The Supreme Court of Alaska has ruled that a law office is not liable for ordinary negligence and strict products liability when an overweight person is injured by an office chair that collapsed.
According to Charles Burnett v. Kenneth Covell, Charles Burnett went to the Fairbanks, Alaska, law offices of Kenneth Covell in May 2002 to participate in a meeting with Covell and one of Covell’s clients. Upon sitting on one of the office chairs, Burnett, who weighed approximately 330 pounds, was injured because the chair collapsed.
Covell had owned the chair since he bought the practice in 2000. Thus, Burnett filed a complaint against Covell for negligence.
Covell argued that he wasn’t aware of any chair defects, and thus there was insufficient evidence for a negligence claims.
But Burnett also claimed Covell was liable under a products liability theory. He sought to recover damages and costs including medical expenses, lost income, pain and suffering, loss of enjoyment of life, and other damages.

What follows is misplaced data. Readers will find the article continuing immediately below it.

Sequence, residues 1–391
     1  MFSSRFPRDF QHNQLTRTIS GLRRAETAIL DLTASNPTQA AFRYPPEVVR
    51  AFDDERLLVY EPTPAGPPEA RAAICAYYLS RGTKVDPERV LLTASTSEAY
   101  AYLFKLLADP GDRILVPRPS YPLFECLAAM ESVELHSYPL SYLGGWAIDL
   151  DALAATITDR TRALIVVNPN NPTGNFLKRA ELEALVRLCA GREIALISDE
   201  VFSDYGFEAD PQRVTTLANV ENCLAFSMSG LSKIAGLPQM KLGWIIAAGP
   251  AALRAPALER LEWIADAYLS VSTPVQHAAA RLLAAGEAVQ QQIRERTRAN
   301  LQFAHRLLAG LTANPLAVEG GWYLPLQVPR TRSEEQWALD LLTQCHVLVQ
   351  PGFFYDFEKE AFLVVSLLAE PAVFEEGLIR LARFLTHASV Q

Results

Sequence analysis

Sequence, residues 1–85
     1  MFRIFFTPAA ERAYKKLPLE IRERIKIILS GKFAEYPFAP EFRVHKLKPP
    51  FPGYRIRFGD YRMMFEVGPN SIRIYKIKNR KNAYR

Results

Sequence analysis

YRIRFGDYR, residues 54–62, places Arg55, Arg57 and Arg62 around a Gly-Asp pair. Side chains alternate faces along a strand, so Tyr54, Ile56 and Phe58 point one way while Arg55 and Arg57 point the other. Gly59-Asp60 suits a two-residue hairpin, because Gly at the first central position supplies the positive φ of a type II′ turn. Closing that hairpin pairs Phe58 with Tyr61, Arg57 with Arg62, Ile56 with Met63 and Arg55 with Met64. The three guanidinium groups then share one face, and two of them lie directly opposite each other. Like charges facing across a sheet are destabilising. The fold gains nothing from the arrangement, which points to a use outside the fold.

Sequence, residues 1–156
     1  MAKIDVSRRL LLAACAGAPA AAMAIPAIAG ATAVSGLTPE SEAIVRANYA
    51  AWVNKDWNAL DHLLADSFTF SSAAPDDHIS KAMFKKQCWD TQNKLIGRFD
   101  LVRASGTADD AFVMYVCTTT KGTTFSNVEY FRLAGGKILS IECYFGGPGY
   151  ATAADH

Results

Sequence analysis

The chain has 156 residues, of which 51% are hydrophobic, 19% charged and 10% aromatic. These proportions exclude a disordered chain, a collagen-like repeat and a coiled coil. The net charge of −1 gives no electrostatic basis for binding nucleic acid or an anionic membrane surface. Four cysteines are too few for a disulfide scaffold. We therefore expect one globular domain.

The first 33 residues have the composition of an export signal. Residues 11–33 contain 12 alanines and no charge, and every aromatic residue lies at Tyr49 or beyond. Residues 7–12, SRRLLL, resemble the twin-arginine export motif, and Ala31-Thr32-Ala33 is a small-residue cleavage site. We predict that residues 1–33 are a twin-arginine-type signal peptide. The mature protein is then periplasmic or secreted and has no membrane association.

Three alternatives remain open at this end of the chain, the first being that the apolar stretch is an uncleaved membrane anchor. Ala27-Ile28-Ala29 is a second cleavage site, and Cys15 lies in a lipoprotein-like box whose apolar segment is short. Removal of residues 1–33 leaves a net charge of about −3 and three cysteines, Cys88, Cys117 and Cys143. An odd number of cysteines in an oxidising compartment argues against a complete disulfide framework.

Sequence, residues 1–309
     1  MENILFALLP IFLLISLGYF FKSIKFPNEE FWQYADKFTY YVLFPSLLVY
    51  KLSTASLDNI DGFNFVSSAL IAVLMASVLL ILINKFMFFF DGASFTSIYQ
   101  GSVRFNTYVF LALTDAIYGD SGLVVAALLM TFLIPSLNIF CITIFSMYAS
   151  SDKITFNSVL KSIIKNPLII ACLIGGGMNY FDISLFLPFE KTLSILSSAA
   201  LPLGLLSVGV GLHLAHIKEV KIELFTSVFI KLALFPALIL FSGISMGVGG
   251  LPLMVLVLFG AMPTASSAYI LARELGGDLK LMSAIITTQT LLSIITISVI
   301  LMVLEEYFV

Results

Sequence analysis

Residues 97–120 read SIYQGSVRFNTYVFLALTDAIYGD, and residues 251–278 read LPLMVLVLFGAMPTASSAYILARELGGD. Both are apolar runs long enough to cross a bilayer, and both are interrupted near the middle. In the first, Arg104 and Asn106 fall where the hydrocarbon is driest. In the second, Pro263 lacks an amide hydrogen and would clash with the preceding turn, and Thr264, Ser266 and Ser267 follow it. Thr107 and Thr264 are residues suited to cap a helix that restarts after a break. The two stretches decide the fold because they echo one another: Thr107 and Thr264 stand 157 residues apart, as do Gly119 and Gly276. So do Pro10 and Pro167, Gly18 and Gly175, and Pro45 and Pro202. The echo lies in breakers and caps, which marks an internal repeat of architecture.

The Superior Court concluded that Covell was not strictly liable under a products liability theory because products liability applies only to the manufacturer, seller or distributor of the defective product, and Covell was just the produce owner. The court also held that Covell did not breach his duty of ordinary care because there was no evidence that he was aware of the chair’s condition at the time of the collapse, or of any environmental factors that may have caused the collapse.
The Supreme Court agreed with the Superior Court decision, noting that “Because strict liability does not extend to a business owner who provides furniture for use by a visitor or client, and because there is no material fact in dispute, suggesting evidence sufficient to establish that Covell acted negligently in maintaining
his property, we affirm the superior court’s order dismissing this case with prejudice,” the court wrote.
Source: Alaska Courts
Was this article valuable?
Here are more articles you may enjoy.